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Bolshaya Ordynka, or Great Horde Street, is an ancient thoroughfare that began from the settlement of the Royal Gardeners on the Island. In the C14th the road began from Balchug – the boggy banks of the Moskva River - 'balchukh' was a Tatar word meaning “muddy”. The abundance of fresh water here attracted trades which relied upon it – tanners, weavers, blacksmiths and coin-minters. So settlements (not just groups of traders – but communities who held Royal warrants, and enjoyed certain privileges) grew up called Weavers, Tanners, and Money-Minters. But the principal inhabitants here – from the 1220s to the 1480s – were the Tatar Overlords of the Great Horde – who served the Mongolian Khans as their local administrators. They ruled medieval Russia by reigning over the Muscovites – and the Muscovites ruled the country for them. The Tatars chose to rule the Muscovites from a discreet distance, across the river – so they made their encampment here. The payment of tribute was made here, on “their” side of the river. It was a huge administrative centre for the entire country, and required a huge team of interpreters and translators between the Russian and Tatar languages. A separate regiment of bodyguards served the encampment.
The length of Bolshaya Ordynka Street is 1.5 kilometres. These days it runs from the Small Moscow River Bridge (beyond which we find St Basil's Descent and Red Square) and runs as far as the Garden Ring Road. The street is typified by former taverns, old market stalls, inns and similar kinds of building.
The territories of historical district Zamoskvorechye lie on the right (southern) bank of the Moskva River. They joined Moscow in the 14th century when Russian lands used to suffer from the Golden Horde raids. The settlers mainly were soldiers, handicraftsmen and merchants. Their life was organized in a patchwork sloboda system. In 1591-1592 during the reign of Feodor I the fortified wall on the site of the present-day Garden Ring was built. Even now, one can easily understand from the street names what occupation the residents had centuries ago. For example, royal garden attendants (садовники, sadovniki) settled in the beginning of present-day Sadovnicheskaya Street from 1495 until the fire of 1701; tanners specializing in sheepskin (oвчинники, ovchinniki) gave their name to Ovchinnikovsky Lanes; royal mint workers (монетчики, monetchiki) – to Monetchikovsky Lanes, Court translators (толмачи, tolmachi) to Tolmachevsky Lanes. Bolshaya Ordynka Street was named after Orda, was the road to the Golden Horde, and was initially home to the Tatar community.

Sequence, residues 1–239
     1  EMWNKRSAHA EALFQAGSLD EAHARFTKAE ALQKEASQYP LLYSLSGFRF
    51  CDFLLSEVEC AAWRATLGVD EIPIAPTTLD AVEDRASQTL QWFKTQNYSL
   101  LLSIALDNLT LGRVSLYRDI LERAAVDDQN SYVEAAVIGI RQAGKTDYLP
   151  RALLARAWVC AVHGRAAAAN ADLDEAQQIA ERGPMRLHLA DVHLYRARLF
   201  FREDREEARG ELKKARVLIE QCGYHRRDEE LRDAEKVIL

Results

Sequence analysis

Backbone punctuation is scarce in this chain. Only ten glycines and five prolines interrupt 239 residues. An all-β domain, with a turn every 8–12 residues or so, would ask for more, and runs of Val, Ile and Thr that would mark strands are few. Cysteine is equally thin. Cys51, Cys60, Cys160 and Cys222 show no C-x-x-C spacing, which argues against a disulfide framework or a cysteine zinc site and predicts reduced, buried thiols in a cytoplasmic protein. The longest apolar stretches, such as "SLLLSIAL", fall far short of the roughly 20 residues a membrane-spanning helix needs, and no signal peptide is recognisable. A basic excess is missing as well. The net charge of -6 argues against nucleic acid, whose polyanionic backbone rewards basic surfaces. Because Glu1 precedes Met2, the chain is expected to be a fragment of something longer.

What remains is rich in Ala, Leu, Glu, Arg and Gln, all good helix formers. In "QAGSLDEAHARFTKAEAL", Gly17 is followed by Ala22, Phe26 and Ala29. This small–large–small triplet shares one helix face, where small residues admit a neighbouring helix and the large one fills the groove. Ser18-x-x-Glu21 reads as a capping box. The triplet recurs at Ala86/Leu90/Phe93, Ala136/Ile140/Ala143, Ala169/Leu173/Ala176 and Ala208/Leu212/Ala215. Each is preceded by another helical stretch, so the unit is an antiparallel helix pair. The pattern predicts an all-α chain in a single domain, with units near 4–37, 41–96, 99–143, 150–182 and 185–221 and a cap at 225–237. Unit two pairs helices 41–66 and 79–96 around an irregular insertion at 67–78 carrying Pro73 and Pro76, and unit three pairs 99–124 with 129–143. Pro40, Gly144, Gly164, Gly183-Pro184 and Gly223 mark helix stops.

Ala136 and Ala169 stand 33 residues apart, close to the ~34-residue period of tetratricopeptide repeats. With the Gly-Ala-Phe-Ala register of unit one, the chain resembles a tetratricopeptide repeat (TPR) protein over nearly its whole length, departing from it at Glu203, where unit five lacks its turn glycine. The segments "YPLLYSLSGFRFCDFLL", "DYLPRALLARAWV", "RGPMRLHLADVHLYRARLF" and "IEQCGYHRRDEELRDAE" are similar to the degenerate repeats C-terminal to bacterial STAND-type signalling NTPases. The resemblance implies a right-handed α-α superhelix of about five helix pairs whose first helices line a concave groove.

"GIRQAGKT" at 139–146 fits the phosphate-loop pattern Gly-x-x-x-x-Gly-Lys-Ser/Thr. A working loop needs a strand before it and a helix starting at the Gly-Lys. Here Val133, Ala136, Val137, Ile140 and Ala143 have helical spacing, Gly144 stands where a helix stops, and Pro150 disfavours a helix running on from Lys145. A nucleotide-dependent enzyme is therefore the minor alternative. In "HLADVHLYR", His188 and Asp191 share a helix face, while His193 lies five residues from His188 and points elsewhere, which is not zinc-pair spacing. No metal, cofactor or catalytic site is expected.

During our tour we are going to tell you about famous historic buildings in Pyatnitskaya Street, the main walking street of the district. We will walk around the State Tretyakov Gallery and listen to the story about the Tretyakovs, famous Russian businessmen, collectors and patrons of art, and the history of their collection and Gallery building.
There is also the house and museum of another famous Russian businessman and patron of art - Bakhrushin museum of theater, built in 1896.
Famous Russian writer Alexander Ostrovsky also lived in Zamoskvorechye, in Malaya Ordynka street. If you like his works you can visit his house-museum.
Zamoskvorechye is famous for its churches: Church of St. Sophia Of God's Wisdom on Gardener's Island and its belfry, Church of St. George the Victorious in Endova, The Church of the Ikon “the Joy of All Who Suffer”, The Church of St Nicholas at Pyzhakh, etc. Each of them has its own history and mystery.
With Your Audio Guide you will go through all the streets and lanes, get familiar with some interesting yards, explore the legends and myths and find out the truth. You will relax on the benches of Bolotnaya square; take pictures of the Kremlin domes, Giant Peter the Great statue, river embankments, learn about the former Mamontov Hotel and super deluxe Balchug-Kempinsky.